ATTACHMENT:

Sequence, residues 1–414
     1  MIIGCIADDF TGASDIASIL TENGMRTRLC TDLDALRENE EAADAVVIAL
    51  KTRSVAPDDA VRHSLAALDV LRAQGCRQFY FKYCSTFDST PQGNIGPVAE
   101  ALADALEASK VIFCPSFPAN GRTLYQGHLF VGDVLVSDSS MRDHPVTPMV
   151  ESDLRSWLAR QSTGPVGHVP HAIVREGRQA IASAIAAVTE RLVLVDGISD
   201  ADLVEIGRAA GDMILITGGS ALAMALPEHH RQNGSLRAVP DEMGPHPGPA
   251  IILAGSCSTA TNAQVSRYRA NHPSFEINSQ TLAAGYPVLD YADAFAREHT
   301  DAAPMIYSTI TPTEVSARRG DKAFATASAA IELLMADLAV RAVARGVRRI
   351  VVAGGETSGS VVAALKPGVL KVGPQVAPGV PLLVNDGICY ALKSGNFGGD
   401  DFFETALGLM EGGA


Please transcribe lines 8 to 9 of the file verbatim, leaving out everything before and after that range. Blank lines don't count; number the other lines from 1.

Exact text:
   301  DAAPMIYSTI TPTEVSARRG DKAFATASAA IELLMADLAV RAVARGVRRI
   351  VVAGGETSGS VVAALKPGVL KVGPQVAPGV PLLVNDGICY ALKSGNFGGD